Why has the celebrity become the focus of so much contemporary feminist energy? As PolicyMic pointed out in its defense of Woodley, “we should also keep in mind that she is a 22-year-old actress — not Gloria Steinem.” Yes, exactly — why are we suddenly so invested in celebrities, not scholars and activists, for our definitions of social movements?

A feminism so focused on celebrity will not provide the answers to these questions. The celebrity’s livelihood, after all, is entirely dependent on how successfully she can sell her audience a myth. Simone de Beauvoir likened the movie star to a modern incarnation of the hetaira; “She yields Woman over to the dreams of man, who repays her with wealth and fame.” Every female celebrity that poses without clothes on the cover of a men’s magazine has a vested interest in preserving the status quo, because her career is based on selling the status quo’s glamor. It is, again, another trap for women, both celebrity and ordinary: we want icons, not human beings — is it any wonder that the celebrity’s answers are always contradictions? The feminist question is simply another example of the impossibilities that we demand from women. Forget the virgin/whore complex: today’s woman must simultaneously prove her apparent agency and independence while continuing to embody an appealingly prostrate version of female sexuality and womanhood. She chooses to do so.

The rhetoric of personal choice has created a feminism that emphasizes sound bites over politics, draining the movement of any sentiment more complex than, “Hooray, women.” “Lifestyle-based feminism,” as bell hooks terms it, suggests “any woman could be a feminist no matter what her political beliefs.” The term is so elastic that any criticism of women can be perceived as a negative: “That’s not feminism,” Selena Gomez responded to a piece of criticism from Lorde concerning the passivity of her lyrics. “[Lorde is] not supporting other women.” Is feminism, then, supporting any action that a woman takes, even if it upholds sexist stereotypes, just because she is a woman?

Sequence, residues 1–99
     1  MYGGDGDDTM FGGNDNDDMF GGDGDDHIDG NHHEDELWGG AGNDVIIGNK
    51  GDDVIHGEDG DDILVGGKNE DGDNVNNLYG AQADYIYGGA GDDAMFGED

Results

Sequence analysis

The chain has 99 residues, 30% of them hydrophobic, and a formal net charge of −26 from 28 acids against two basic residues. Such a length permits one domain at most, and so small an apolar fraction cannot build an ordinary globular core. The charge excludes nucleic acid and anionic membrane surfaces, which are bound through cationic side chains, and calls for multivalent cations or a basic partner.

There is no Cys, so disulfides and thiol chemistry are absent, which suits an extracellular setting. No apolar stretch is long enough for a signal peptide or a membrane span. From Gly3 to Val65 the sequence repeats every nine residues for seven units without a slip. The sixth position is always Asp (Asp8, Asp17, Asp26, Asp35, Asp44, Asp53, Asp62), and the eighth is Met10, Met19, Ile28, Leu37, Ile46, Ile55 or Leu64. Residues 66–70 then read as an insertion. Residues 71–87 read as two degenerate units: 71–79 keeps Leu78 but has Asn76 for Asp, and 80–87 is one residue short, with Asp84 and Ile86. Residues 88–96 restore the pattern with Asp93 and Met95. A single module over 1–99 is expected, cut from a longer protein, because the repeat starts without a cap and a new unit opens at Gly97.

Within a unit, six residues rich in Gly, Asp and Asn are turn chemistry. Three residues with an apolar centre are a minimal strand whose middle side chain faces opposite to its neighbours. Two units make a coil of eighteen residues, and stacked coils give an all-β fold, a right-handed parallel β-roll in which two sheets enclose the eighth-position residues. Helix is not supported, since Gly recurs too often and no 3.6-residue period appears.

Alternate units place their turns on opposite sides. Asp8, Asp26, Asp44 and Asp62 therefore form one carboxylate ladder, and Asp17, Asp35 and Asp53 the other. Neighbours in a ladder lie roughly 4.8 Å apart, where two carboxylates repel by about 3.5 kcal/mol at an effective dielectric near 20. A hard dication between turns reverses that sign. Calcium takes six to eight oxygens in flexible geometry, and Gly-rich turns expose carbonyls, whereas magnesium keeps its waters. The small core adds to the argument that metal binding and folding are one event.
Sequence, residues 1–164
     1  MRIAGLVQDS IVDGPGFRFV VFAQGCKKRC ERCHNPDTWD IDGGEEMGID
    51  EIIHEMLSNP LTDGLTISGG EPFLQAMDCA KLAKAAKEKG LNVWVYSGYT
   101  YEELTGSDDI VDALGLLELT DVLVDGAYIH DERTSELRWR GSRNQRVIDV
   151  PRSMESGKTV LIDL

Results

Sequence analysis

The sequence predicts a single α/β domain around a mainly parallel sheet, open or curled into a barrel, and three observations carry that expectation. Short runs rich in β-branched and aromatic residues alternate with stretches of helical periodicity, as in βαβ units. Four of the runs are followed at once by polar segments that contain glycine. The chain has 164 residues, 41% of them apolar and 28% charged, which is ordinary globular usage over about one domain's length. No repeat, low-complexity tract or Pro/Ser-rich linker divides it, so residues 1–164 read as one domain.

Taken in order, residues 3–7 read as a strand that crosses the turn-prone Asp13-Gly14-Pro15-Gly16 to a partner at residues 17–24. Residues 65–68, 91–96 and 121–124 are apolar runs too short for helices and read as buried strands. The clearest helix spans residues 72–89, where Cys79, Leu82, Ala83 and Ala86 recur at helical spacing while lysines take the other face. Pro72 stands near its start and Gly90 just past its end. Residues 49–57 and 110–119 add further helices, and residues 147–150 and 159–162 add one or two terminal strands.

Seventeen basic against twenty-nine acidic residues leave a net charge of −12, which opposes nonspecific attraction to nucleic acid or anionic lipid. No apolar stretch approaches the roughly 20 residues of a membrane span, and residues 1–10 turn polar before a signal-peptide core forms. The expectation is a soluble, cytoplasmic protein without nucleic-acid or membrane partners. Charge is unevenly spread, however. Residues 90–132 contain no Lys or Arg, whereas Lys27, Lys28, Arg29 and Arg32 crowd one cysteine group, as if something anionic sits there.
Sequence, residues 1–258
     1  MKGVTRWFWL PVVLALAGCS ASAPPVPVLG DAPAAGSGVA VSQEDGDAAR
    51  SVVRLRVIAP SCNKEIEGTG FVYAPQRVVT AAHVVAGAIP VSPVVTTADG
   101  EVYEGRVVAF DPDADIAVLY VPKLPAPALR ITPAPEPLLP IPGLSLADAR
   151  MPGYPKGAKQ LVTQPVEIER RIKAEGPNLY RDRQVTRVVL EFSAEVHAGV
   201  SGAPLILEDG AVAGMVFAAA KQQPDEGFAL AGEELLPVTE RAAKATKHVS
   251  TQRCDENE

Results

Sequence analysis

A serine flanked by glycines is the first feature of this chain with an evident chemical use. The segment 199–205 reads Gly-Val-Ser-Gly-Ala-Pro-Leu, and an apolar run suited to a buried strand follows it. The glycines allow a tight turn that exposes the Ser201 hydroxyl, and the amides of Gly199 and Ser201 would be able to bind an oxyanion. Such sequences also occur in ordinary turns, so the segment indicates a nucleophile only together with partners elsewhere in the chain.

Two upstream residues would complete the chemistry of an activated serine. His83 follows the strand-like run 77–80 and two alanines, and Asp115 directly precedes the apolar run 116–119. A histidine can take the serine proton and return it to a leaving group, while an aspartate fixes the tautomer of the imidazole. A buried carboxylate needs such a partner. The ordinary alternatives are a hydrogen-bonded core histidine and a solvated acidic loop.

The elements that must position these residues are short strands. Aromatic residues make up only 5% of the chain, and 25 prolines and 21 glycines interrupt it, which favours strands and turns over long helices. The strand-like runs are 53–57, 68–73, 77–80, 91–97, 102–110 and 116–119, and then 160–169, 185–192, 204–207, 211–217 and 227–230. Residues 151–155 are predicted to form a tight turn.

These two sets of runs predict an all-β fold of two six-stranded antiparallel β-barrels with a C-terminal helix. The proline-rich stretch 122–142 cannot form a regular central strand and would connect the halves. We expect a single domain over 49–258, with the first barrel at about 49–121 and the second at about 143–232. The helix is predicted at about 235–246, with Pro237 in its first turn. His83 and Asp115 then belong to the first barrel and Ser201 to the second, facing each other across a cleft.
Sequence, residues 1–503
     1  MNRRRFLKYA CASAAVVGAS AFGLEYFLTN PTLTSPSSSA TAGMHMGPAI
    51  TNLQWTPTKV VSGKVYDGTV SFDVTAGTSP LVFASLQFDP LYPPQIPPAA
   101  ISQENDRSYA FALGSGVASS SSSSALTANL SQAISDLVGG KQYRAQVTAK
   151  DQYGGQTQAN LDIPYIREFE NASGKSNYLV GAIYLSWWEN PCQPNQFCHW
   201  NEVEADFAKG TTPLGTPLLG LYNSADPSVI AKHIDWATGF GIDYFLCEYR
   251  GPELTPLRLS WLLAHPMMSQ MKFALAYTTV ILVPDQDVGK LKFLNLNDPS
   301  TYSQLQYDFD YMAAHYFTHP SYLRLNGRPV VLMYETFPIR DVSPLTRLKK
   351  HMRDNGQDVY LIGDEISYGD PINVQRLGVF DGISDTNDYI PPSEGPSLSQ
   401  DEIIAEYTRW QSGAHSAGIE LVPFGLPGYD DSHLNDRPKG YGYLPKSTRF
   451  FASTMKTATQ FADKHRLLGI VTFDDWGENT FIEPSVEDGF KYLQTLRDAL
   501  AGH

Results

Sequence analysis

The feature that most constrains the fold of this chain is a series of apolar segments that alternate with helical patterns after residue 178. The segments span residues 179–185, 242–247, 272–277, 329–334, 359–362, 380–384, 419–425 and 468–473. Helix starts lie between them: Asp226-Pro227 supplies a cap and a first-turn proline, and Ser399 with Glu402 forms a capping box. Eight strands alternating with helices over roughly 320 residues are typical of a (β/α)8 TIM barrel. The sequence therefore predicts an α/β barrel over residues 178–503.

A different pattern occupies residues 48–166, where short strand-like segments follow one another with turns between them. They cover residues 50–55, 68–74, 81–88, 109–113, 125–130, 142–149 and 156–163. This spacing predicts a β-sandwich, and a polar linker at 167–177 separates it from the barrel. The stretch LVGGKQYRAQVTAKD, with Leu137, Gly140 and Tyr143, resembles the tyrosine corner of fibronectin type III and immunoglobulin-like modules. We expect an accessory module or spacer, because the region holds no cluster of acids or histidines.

“We demand an end to all celebrity articles, all articles oriented towards the preservation of youth (implying that age has no graces of its own), and an end to all articles specifically tied to advertising: e.g., food, make-up, fashion, appliances.” Those demands came from a 1970 protest against the Ladies Home Journal, but the same could be said of so many women’s magazines and lady blogs today. The continued focus on celebrities, whose lives are far removed from the daily concerns of so many women, have transformed the feminist dialogue present on sites like Jezebel into one seemingly unconcerned with politics, squandering the huge audience they have built over the years.

Woodley’s misunderstanding of the term “feminist” won’t make or break the movement, but continuing to rely solely on celebrities for our definition of feminism might. What would a publication that ignores the ubiquitous celebrity feminism wars look like? The rest of the demands from Ladies Home Journal protest are strikingly modern: more women writers, more women writers of color, free employee daycare, fair wages, and non-romantic stories.

“The Women’s Liberation Movement represents the feelings of a large and growing mass of women throughout the country,” goes the speech’s end. “Therefore we demand that as an act of faith toward women in this country, the Ladies Home Journal turn over to the Women’s Liberation Movement the editorial content of one issue of the magazine, to be named the Women’s Liberation Journal.” Now that sounds promising.